Penal Deference and Other Oddities in United States v. Comstock
Duke Journal of Constitutional Law & Public Policy, Vol. 6, No. 1, 2010
University of Toledo Legal Studies Research Paper No. 2010-15
18 Pages Posted: 24 Nov 2010 Last revised: 14 Dec 2010
Date Written: November 7, 2010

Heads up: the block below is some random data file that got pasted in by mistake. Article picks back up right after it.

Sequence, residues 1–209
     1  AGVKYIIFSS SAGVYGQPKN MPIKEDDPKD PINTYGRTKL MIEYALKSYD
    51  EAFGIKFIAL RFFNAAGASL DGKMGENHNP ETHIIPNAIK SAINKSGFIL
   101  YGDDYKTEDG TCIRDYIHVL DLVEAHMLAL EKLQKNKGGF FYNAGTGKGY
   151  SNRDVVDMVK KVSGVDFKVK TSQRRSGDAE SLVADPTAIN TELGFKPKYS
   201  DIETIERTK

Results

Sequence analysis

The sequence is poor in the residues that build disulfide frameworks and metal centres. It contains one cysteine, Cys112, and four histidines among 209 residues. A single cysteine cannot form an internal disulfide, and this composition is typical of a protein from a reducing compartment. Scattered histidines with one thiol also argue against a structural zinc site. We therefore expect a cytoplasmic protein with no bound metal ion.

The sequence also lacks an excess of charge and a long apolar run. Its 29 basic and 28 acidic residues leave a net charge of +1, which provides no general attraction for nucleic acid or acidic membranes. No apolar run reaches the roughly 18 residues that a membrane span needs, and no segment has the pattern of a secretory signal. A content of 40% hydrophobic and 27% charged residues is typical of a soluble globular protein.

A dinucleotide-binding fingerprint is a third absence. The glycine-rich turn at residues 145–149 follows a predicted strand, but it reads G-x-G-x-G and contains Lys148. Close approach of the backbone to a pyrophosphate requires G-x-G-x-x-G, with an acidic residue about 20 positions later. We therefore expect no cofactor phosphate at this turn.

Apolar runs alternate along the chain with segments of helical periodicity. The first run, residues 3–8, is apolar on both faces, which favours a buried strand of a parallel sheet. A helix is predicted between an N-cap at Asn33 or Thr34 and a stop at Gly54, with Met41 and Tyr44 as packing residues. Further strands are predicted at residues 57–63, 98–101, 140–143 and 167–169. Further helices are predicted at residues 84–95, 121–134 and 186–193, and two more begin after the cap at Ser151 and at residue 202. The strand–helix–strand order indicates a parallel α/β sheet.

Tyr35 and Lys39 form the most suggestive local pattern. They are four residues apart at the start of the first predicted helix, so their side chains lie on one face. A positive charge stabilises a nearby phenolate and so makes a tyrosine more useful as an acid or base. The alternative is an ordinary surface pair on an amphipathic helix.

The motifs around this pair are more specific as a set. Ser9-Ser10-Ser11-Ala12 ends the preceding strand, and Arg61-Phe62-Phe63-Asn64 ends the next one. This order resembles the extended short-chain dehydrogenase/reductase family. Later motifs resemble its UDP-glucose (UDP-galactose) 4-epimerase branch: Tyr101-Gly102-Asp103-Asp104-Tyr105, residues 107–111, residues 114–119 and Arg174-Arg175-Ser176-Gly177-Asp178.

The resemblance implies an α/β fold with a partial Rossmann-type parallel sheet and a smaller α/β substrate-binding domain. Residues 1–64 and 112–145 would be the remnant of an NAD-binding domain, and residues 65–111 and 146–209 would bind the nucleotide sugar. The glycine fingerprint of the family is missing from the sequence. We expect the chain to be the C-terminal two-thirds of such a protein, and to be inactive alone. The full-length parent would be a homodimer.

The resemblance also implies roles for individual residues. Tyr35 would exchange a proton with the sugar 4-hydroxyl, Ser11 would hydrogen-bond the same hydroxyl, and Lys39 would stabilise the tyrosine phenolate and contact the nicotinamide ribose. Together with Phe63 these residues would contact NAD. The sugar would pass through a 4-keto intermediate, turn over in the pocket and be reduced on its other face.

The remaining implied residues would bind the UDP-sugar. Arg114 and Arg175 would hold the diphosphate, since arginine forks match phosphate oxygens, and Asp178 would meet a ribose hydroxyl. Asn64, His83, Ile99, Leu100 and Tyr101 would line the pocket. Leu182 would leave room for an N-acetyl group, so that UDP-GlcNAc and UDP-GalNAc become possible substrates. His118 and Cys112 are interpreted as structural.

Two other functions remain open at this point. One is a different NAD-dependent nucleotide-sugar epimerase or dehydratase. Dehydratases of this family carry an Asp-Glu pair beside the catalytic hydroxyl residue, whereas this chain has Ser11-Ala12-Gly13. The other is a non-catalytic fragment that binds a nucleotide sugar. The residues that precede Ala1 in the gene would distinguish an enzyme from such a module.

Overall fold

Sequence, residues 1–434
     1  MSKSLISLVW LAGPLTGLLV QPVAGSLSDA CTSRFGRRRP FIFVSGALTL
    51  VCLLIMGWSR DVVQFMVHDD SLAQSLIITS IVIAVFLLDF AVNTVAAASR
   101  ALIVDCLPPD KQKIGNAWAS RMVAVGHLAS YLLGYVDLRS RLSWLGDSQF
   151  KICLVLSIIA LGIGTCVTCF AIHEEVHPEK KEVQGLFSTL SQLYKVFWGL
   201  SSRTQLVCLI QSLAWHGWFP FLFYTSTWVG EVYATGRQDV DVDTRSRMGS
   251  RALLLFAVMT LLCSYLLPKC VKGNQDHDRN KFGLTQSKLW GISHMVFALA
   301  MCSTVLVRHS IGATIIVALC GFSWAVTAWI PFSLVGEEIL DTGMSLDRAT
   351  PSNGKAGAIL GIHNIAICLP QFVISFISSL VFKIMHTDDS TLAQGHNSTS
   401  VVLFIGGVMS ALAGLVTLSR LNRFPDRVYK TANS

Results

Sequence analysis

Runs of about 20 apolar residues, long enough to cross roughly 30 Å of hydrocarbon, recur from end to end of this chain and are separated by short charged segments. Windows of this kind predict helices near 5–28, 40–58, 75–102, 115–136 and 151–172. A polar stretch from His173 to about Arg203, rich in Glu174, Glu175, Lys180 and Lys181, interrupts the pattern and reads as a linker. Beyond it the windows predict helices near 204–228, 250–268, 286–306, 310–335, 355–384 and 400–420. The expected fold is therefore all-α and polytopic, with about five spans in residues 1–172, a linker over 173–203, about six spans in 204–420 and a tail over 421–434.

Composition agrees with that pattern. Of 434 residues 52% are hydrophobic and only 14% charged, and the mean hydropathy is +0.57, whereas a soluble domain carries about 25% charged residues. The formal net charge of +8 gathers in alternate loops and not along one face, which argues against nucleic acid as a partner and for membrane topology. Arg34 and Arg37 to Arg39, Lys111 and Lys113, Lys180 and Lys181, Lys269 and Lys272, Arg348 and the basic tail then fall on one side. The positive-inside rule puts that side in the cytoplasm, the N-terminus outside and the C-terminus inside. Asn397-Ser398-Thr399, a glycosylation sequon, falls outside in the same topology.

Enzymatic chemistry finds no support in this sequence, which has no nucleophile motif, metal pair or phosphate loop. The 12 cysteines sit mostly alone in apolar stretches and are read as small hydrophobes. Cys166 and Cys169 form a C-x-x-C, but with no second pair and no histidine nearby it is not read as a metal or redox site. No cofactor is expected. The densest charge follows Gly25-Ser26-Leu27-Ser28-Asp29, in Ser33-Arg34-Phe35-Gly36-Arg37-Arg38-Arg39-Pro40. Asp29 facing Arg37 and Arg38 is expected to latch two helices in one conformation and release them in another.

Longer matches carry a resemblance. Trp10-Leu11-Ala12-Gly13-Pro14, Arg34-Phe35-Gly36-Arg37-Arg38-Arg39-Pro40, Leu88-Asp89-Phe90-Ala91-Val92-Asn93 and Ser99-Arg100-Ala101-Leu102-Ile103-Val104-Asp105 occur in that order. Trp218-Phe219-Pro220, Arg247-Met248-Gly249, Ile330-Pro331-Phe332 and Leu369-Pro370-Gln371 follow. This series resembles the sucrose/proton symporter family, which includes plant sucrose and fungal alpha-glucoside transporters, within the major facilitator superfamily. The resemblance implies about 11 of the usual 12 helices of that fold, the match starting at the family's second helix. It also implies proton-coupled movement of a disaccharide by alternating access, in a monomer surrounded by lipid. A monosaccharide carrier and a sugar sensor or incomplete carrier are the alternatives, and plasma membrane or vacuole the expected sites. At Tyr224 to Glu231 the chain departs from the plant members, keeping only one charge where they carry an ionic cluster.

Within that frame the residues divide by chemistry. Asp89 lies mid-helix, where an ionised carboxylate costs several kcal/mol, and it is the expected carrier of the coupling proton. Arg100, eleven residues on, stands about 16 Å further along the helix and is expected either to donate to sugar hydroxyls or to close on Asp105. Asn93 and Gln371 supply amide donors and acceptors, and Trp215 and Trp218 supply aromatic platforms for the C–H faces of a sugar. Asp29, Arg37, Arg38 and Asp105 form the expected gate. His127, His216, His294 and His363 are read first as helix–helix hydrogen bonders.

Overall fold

In upholding a federal statute authorizing civil commitment of sexually dangerous former federal prisoners, the Supreme Court in United States v. Comstock concluded that the Constitution’s Necessary and Proper Clause permits Congress to exercise implied powers that are inferred from other implied powers and dismissed the long-lingering view that Congress’s only implied powers are those directly derivable from enumerated powers. The Necessary and Proper Clause is rarely invoked, the Court has not previously embraced the narrower construction, and the trend for nearly a century has been to construe Congress’s Article I powers expansively. Thus, although Comstock has significant implications for the scope of national power, the Court’s conclusion is not terribly surprising and its implications are fairly clear. The surprising aspect of Comstock is its reasoning. In this brief essay, I discuss three oddities in the Comstock majority opinion: a permutation on conventional accounts of constitutional dialogue between Congress and the courts; a foray into the relationship between tort duties and the proper scope of constitutional power; and deference to the Executive’s interpretation of the statute that seems contrary to settled rules of deference and statutory construction. The implications of these analytical twists for constitutional theory and practice are less clear, but potentially significant. Comstock’s full impact, therefore, may be more complex and difficult to predict than it at first appears.
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